Miss NJ Families

From left, sisters Deborah Pruitt, of Marmora, and Betsy Pruitt Harrison, of competed in pageants. Now, Betsy runs Miss Cumberland County and Debbie is a pageant consultant and also serves as emcee at the Cumberland and Cape May County pageants. Their mother Betty Pruitt is executive director of Miss Cape May County.

When the people associated with the Miss New Jersey Pageant describe the event and other local pageants that lead up to the finals as family affairs, they aren’t joking.

Among the executive directors and other volunteers are mothers, daughters and sisters who have competed or passed on their love of pageants to the rest of their families.

“Other than my life, the pageants were the greatest gift she could have given to us because of the people we now have as our extended family,” said Rosanna Consalvo Sarto, a West New York, Hudson County, resident and executive director of the Miss Columbus Day Pageant, a dual competition held at the same time as the Miss Atlantic County Pageant.

Sarto was speaking of her late mother, Frances “Bonnie” Consalvo, who served for 37 years as executive director of the Miss Columbus Day pageant. That role was passed onto Sarto in 2004 when her mother died.

“I saw the impact my mother made on individual lives as a mentor,” Sarto said of her decision to stay involved in pageants.

Sarto and her sister Giulietta Consalvo, a Margate resident and executive director of the Miss Atlantic County pageant, each competed when they were younger, both holding the Miss Ventnor title at one point. Giulietta Consalvo went on to compete at Miss New Jersey twice.

The two women and a third sister, Giovanna Consalvo Spina, of Marco Island, Fla., spent countless hours helping their mother.

“Our family was all-hands-on-deck during pageant week,” Sarto said, adding their father, retired Municipal Court Judge Gennaro Consalvo, of Margate, serves as executive producer for the Miss Atlantic County and Miss Columbus Day pageants.

The family also started The Bonnie Blue Foundation, a nonprofit that honors Bonnie Consalvo and supports the dual pageants.

“Growing up, we were always part of the production,” Giulietta Consalvo said.

She said she continues to work as executive director of the Miss Atlantic County pageant because the work is rewarding.

“You get so much more out of it than what you put in. It’s a wonderful feeling of accomplishment to help them achieve their goals,” she said.

Like the Consalvo family, the Pruitts have made pageants a family tradition.

Sisters Deborah Pruitt, of the Marmora section of Upper Township, and Betsy Pruitt-Harrison, of Millville, competed when they were younger, going head to head in 1995 at the Miss New Jersey contest.

“Actually it was really fun to have someone to share it with,” Pruitt-Harrison said of the year the two competed for the state title.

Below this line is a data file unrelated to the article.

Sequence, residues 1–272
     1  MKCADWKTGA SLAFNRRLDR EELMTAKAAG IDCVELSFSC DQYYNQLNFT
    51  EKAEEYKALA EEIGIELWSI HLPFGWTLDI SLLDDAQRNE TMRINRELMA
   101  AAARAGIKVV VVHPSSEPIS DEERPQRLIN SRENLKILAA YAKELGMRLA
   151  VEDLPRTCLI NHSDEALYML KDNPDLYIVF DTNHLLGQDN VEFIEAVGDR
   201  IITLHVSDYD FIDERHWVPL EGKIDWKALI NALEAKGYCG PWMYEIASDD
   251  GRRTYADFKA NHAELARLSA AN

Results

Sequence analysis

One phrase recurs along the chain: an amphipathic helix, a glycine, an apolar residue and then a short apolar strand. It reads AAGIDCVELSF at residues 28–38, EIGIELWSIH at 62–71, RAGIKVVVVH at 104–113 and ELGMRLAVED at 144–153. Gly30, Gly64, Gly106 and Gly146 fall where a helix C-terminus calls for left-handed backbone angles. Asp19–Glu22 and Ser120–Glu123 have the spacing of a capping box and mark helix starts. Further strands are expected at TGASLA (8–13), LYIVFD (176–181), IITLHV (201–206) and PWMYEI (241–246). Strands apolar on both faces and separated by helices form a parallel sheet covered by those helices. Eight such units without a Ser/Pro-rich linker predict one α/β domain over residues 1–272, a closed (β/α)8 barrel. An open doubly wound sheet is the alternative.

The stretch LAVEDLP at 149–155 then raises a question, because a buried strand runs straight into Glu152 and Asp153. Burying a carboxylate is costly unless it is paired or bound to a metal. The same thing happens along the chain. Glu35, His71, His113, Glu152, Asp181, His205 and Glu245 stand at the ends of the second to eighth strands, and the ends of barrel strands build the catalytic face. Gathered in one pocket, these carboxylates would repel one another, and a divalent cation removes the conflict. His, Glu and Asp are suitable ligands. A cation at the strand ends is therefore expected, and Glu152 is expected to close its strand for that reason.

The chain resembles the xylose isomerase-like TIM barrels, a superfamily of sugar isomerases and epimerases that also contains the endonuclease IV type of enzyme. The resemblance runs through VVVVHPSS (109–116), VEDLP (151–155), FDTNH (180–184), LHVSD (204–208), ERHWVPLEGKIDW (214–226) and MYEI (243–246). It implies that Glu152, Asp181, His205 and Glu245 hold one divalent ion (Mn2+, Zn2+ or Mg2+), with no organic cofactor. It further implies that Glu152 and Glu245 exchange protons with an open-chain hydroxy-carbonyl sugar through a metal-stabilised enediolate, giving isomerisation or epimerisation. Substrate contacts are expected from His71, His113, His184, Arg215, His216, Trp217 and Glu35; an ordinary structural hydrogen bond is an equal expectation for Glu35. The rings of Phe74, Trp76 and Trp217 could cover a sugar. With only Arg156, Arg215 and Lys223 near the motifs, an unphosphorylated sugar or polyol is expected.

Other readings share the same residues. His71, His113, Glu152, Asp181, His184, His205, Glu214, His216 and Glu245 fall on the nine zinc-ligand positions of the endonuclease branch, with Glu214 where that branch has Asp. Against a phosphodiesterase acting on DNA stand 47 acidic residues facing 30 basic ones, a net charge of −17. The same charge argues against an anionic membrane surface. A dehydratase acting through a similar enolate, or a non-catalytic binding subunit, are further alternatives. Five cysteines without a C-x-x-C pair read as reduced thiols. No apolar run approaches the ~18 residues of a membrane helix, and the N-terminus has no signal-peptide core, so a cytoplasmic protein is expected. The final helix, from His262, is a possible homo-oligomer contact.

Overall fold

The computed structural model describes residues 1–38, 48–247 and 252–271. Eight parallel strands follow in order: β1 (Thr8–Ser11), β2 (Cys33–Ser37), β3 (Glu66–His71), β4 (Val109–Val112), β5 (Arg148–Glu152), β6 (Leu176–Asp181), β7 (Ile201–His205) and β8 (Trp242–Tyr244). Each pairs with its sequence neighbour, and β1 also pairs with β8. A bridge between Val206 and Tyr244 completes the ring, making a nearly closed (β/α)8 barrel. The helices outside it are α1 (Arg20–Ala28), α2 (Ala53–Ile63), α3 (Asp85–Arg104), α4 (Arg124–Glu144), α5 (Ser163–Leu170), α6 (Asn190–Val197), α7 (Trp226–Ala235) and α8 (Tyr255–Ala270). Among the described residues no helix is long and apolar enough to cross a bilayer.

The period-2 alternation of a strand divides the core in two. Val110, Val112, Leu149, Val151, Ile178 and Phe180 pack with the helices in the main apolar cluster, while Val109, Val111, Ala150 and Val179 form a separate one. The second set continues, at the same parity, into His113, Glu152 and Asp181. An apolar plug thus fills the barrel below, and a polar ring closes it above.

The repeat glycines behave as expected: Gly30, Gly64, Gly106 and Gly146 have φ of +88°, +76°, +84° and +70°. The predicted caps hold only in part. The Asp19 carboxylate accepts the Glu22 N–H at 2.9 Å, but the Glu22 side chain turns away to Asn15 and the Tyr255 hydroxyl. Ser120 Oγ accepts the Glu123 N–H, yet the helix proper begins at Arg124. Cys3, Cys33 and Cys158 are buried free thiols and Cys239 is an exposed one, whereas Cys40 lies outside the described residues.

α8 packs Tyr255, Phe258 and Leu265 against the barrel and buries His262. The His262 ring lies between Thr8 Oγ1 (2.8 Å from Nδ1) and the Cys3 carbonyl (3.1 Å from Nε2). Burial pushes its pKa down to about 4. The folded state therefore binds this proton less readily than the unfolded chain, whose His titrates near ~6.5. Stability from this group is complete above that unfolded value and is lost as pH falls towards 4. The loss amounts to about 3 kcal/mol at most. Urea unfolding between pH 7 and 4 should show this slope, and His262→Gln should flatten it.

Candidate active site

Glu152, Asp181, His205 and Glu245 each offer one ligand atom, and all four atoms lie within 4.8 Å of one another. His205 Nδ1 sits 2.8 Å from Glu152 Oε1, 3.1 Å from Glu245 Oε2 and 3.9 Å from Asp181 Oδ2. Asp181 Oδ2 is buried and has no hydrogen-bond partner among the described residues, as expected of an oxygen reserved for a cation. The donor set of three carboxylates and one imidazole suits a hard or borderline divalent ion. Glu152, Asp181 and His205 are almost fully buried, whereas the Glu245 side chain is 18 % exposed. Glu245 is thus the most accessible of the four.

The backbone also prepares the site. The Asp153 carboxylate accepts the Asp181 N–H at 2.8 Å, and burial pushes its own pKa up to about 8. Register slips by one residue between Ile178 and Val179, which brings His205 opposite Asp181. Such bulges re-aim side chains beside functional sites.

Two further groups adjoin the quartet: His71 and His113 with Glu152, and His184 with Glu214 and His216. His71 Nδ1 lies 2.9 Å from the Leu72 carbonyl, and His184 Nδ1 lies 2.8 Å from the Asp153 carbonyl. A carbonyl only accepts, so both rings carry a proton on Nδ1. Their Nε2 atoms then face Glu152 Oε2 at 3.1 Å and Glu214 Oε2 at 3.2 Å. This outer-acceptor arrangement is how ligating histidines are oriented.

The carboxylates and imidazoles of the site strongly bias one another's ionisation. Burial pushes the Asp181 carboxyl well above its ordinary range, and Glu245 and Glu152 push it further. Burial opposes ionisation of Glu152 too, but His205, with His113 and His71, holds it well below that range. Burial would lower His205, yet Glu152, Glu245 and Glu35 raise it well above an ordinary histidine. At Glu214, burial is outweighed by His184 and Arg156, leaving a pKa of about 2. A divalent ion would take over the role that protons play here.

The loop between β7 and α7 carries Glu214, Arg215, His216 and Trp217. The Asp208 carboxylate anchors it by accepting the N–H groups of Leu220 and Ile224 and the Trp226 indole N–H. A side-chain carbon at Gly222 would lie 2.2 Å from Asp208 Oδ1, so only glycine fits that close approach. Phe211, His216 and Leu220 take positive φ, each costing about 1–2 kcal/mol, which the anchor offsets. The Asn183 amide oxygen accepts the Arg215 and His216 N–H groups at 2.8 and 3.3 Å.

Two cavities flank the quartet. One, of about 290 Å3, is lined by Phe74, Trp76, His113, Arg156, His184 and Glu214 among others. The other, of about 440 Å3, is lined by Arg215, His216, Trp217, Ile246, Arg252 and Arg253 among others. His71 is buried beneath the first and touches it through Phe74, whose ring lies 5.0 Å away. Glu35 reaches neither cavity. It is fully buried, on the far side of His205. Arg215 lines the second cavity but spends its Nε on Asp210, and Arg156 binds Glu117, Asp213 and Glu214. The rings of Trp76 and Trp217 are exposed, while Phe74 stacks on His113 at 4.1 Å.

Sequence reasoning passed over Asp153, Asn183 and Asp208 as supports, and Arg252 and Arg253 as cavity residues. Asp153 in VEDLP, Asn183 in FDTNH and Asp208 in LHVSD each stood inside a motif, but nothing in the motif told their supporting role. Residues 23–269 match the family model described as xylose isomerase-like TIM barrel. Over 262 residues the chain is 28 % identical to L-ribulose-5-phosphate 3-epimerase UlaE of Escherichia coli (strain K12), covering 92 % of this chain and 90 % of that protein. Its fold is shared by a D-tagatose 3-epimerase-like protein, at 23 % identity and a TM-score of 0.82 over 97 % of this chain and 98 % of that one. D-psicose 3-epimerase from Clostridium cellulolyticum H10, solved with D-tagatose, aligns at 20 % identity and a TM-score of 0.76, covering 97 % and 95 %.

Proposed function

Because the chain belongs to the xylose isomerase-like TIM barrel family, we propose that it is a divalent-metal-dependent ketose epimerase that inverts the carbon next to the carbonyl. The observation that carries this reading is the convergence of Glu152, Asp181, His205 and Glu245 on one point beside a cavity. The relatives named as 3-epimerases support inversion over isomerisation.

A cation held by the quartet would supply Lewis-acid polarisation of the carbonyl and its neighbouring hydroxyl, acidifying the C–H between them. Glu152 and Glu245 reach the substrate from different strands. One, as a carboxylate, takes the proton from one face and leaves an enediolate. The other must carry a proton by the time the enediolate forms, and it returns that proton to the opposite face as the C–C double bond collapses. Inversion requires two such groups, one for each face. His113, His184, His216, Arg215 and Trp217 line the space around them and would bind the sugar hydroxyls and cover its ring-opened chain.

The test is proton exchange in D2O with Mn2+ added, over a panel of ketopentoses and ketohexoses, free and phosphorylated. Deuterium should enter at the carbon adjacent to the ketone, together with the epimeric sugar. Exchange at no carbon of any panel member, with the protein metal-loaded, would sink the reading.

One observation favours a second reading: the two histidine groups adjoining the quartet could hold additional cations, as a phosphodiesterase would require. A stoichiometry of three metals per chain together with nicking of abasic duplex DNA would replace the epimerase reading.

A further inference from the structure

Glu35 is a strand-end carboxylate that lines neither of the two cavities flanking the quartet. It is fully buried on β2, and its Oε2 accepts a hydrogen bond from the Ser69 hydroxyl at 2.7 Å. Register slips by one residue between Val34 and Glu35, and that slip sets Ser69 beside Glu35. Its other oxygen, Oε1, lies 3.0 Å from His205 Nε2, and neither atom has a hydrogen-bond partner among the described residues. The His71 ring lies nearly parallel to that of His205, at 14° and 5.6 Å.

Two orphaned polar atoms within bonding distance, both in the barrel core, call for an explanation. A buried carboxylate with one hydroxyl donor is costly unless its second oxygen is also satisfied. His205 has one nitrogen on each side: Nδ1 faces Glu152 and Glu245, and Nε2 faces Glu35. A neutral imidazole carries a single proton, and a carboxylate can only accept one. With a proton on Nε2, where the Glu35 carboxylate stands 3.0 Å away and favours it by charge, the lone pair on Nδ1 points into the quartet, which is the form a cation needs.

The Pruitt sisters became involved because of their love of singing.

Pruitt-Harrison called the pageants “a natural progression” for them because of the opportunity to sing and perform.

“I think it’s good for young women. It helps build their confidence, and it provides scholarships to further their education,” Pruitt-Harrison said.

The family had attended Miss America contests in Atlantic City for many years, but it was the sisters’ involvement that led their mother, Betty Pruitt, to join the board of the Miss Cape May County pageant, and today she serves as that pageant’s executive director.

“I was coming off being a pageant mom, and I wanted to stay involved,” said Betty Pruitt, of Marmora. “I believe in the system. I believe it helps the girls in so many ways.”

Pruitt said she watched as her shy daughters gained confidence.

“I was thrilled they wanted to do it. They got to perform and speak in public. It made their lives better,” she said.

Deborah Pruitt said her reasons for becoming involved were simple.

“My older sister did them, so I had to do them, too,” she said as she recalled her first pageant, when she was about 17.

The two Pruitts went on to become the first sisters to compete in the same year at Miss New Jersey.

Deborah Pruitt said she also started because of the chance to perform, “but it ended up being so much more.”

The pageants, she said, gave her a reason to focus on her physical fitness as well as improve her interviewing skills and public speaking ability.

Other contestants, she said, continue to see the same lasting impact.

“The crown lasts a year, but what you gain will last a lifetime,” Deborah Pruitt said, adding, “I was shy before. Now, I don’t stop talking.”

Pruitt-Harrsion is now executive director of the Miss Cumberland County pageant, while Deborah Pruitt acts as a pageant consultant, helping contestants in a variety of competitions. She also serves as emcee for the Miss Cape May County and Miss Cumberland County competitions.

“We’re a very close-knit family, so it kind of comes naturally to us,” Deborah Pruitt said of the family’s involvement.

The sisters’ father, Jack Pruitt, died in 2009, but “he was our number one fan,” Deborah Pruitt said, adding that her niece Natalie Harrison is about to enter her first pageant, continuing the tradition.

“That was her own choice,” her proud aunt added.

Miss N.J. Pageant

This year’s Miss New Jersey Pageant will be held the week of June 11 at the Music Pier in Ocean City. Preliminary contests take place June 13 and 14, and the finals are June 15.

Contact Trudi Gilfillian:



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